True cost of protecting your intellectual property

True cost of protecting your intellectual property article image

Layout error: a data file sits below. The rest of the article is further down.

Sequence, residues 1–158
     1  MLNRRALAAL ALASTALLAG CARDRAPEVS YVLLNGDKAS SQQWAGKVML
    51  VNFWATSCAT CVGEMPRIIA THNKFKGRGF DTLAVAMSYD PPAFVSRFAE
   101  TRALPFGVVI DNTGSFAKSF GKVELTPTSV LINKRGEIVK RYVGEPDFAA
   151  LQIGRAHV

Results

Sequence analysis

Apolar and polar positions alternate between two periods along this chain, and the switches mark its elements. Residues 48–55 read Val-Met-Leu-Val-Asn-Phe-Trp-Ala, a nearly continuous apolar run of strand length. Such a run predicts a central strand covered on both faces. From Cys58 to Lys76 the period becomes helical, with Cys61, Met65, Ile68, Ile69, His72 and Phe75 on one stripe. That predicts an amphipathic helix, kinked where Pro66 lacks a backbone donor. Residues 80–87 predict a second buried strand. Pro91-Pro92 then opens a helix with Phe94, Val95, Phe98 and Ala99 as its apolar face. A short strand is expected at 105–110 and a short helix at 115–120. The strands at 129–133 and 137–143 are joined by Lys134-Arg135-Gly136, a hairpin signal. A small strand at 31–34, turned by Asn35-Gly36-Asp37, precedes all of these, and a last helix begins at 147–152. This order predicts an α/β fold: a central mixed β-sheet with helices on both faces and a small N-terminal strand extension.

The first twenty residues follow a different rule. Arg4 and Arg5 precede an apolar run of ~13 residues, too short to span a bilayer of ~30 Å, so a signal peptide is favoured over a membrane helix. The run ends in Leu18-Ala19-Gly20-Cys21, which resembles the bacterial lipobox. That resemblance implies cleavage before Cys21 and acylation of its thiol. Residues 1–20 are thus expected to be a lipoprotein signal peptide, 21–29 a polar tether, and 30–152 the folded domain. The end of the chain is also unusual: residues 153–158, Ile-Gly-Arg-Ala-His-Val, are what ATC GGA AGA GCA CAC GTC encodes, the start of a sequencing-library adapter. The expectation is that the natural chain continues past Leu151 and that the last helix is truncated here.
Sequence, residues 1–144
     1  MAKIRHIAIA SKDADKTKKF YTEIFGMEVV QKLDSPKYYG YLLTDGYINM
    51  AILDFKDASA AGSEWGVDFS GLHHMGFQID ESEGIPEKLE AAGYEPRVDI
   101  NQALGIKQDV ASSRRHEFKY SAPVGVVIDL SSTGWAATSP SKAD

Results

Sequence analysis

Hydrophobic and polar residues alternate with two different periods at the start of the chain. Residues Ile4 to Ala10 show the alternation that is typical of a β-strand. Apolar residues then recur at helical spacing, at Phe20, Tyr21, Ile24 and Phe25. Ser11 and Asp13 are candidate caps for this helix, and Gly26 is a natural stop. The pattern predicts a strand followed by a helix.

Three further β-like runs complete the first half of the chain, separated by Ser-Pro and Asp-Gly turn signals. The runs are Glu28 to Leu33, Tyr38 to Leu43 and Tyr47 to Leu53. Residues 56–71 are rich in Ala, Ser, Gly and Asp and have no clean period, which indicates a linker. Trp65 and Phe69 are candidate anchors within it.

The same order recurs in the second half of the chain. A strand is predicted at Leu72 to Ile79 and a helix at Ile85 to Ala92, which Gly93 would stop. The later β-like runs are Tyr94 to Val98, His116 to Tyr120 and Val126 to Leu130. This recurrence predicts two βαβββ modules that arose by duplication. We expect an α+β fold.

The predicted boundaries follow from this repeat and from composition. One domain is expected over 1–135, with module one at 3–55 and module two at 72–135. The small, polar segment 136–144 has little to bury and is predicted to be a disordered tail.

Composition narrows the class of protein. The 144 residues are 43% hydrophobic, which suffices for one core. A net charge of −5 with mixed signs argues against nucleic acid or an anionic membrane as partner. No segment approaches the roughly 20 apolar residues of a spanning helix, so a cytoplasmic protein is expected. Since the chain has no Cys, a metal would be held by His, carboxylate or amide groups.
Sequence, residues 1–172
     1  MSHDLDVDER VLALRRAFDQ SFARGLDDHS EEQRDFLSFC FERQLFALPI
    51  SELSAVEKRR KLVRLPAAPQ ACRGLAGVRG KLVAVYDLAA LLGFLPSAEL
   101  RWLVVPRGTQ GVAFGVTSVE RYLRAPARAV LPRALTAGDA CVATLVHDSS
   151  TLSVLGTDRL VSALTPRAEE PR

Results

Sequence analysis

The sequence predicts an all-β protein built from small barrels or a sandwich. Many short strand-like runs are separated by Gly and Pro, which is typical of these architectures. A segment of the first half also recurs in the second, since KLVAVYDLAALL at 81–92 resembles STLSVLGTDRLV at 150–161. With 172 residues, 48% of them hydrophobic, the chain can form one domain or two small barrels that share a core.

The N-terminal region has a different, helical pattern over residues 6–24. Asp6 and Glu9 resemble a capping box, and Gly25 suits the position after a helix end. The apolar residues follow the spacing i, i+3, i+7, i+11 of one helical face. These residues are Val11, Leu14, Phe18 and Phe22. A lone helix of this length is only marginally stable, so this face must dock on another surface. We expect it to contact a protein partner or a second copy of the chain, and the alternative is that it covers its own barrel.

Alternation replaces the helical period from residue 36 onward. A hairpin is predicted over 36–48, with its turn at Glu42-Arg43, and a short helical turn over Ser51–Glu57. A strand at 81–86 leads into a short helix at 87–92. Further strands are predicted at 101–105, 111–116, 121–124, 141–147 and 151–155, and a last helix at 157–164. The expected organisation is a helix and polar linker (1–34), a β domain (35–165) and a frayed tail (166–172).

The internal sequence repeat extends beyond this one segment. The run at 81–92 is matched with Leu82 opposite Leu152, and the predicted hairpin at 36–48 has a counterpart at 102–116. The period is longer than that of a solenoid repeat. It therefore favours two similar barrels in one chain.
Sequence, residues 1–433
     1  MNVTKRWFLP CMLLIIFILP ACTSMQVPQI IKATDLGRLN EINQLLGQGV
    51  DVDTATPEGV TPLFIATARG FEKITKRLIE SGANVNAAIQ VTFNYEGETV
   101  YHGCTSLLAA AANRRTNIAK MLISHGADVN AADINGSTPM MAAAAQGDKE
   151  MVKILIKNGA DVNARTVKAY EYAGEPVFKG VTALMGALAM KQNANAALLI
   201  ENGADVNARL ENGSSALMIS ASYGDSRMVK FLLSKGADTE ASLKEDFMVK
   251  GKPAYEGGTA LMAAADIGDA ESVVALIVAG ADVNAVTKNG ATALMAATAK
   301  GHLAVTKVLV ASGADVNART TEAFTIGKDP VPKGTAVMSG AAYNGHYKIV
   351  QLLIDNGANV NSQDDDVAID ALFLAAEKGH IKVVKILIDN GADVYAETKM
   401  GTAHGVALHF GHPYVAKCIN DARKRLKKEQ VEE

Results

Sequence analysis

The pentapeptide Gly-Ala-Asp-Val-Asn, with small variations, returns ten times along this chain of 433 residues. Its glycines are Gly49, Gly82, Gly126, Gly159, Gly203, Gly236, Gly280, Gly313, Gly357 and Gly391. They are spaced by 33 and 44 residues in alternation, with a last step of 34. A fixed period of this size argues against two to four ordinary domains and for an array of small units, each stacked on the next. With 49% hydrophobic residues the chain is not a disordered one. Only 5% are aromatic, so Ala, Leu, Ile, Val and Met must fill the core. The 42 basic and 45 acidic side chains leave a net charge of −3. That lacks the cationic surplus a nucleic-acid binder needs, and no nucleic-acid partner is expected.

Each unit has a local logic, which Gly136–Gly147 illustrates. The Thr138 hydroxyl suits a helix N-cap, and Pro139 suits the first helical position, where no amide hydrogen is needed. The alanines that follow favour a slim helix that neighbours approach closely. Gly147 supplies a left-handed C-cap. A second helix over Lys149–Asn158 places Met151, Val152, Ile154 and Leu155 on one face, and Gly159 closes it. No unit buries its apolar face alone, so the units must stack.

True cost of protecting your intellectual propertyFifth in our series on ‘The True Cost of Exporting’ is the cost of protecting your intellectual property and how to avoid paying more than you need to. Intellectual property rights (IPR) such as confidential information, trade marks, copyright, designs and patents are some of the most valuable assets that many businesses possess. We only need think of icons such as Disney or Vegemite to recognise the importance of trade marks, Microsoft’s copyright in software, and many inventions protected by patents, to recognise the value of IPR. Thomas Edison invented the first light bulb, right? No, it was Humphry Davy in 1800. Edison was, however, the first to successfully patent the light bulb in 1880. Edison was a successful, prolific inventor and businessman with 1,093 registered patents that he used to effectively protect his business empire. Tony Kitchener of Cash Engineering Research shows a similar view of IPR when he said: "Anyone can have an idea, but no one has ever made a cent from ‘an idea’. They have made money from being able to establish their idea as a reality. IP protection-a patent, for instance-is bricks and mortar." In 1972 Frank Bannigan developed the Kambrook electrical powerboard. A successful invention, it formed the basis for Kambrook's growth to become a major producer of electrical appliances. The powerboard was not patented, however, and Kambrook ended up sharing the market with other manufacturers of similar products. According to Bannigan, "I've probably lost millions of dollars in royalties alone. Whenever I go into a department store and see the wide range of powerboards on offer, it always comes back to haunt me". The guiding principle is that ideas are not protected. Protection only arises where the law recognises IPR and will, as a last resort, protect that right by legal action through the courts. The true cost of not protecting IPR is the loss of market share, while costs associated with protecting your IPR should be factored into the benefit of market share. One of the most cost effective methods of minimising the cost of protection is a simple one. Know exactly what IPR your business possesses. It is surprising that many otherwise well-run businesses have not carried out an audit to create a comprehensive list of their IPR. For many businesses, the most important IPR are their ‘trade secrets’ or ‘confidential information’. Coca Cola relies almost exclusively on protecting itself not by expensive patents but by protecting its trade secrets. Protect trade secrets by ensuring that all employees, contractors and business associates sign appropriate confidentiality or non-disclosure agreements (NDA). The legal costs of preparing an NDA will vary depending on the details and level of sophistication of the arrangements. Do-it-yourself contracts are available on the IP Australia website, but remember, you are protecting a valuable right and once the secret is lost, you cannot recover it. If in doubt, seek legal advice. The legal cost of later seeking to enforce a trade secret may run into many tens of thousands of dollars and an unenforceable contract is not worth the paper it is written on. The next most common IPR is copyright. Copyright protects the original expression of ideas, not the ideas themselves. It applies to original works, even original forgeries of original works, such as art and literature, music, films, sound recording, broadcasts and computer programs. Copyright does not require formal registration on a central register nor does it require the use of © to claim copyright. Copyright protection is automatic. As a precaution however, even though it is not necessary to formally claim copyright, it is wise to do so as it puts other parties on notice of your claim to ownership. The most common way is to use the © symbol and the date. One aspect frequently overlooked is the ownership of copyright in materials produced by employees and contractors. Copyright does not always reside in the employer or the business. It is wise to ensure that an employee and contractor NDAs stipulate that copyright in any work created by them resides with the business owner. This should include the immediate employer and any associated businesses. Trade marks technically do not require registration for protection. The original creator of the Trade mark owns the right to use it because of its original creation. Registration of a trade mark, however, gives the registered owner the exclusive right to use the trade mark for 10 years. It may be renewed indefinitely. Like copyright, it’s a good idea to claim ownership of the trade mark by labelling your products. This may prevent inadvertent copying. If a rival registers in its name your trade mark, it may obtain the right to use it and, in some cases, exclude you. A business can always use its own unregistered trade mark and hope a rival does not register the same mark. The business could complete a simple DIY trade mark registration with its own time as the main cost. Fees for online applications to register a trade mark are currently $120 per class. Cash register Fees for lawyers or trade mark attorneys to assist in the registration process will vary, but will generally be in the vicinity of $1,200 for a relatively straight forward application. If you seek to register your trade mark in other countries, the application can be filed through IP Australia with one filing fee: a handling fee of A$100 payable to IP Australia, and a basic fee of 653 Swiss francs, plus 100 Swiss francs for each country in which the trade mark is to be registered. Industrial designs such as the shape of a cup, pattern on a bedspread or chair require registration under the Designs Act to obtain protection, which will last for 10 years. Remember if you disclose the design before registration, you lose the right to register the design. Fees for application and examination of the design in Australia are currently A$560. If seeking protection in other countries it is necessary to lodge an application for registration in those countries. You will not be able to lodge through IP Australia. This adds considerable cost to the registration process, as it may be necessary to engage patent attorneys in those countries. You would need to budget between A$5-10,000 for patent attorney fees in Australia and a minimum A$10,000 per country in which you wish to register the design. Registration in the USA may be as high as US$20,000 or more. Registration of a patent provides the exclusive right to exploit the invention. Without registration there is no protection. If the invention is public knowledge, subject to certain limited exceptions there is no protection. Fees for registration in Australia are for the initial application and annual fees thereafter. Application and examination fees are modest. For online applications they are currently $520 for an innovation patent and $710 for a standard patent. The main cost is the preparation of the specifications setting out the details of the invention that must be filed with the application. A straightforward patent in Australia could incur approximately $10,000 in fees. An application to register a patent internationally may be made through IP Australia. On average filing, searching and examination fees are in the vicinity of $4,000. As each country has its own rules, seek the services of a patent attorney in each country in which the patent is to be registered. As a rough guide, a patent attorney in the US for a simple patent could cost US$20,000 or more with further costs dependent on the complexity of the patent application. The more you are able to do yourself, the more you familiarise yourself with the requirements to register your trade mark, design or patent, the more you will be able to assist your legal adviser, trade mark attorney or patent attorney and reduce costs. -James Millea is a senior associate with Argyle Lawyers (, a Sydney-based commercial law firm. He has more than 30 years experience as a commercial lawyer and business owner, and maintains a keen interest in international trade and intellectual property.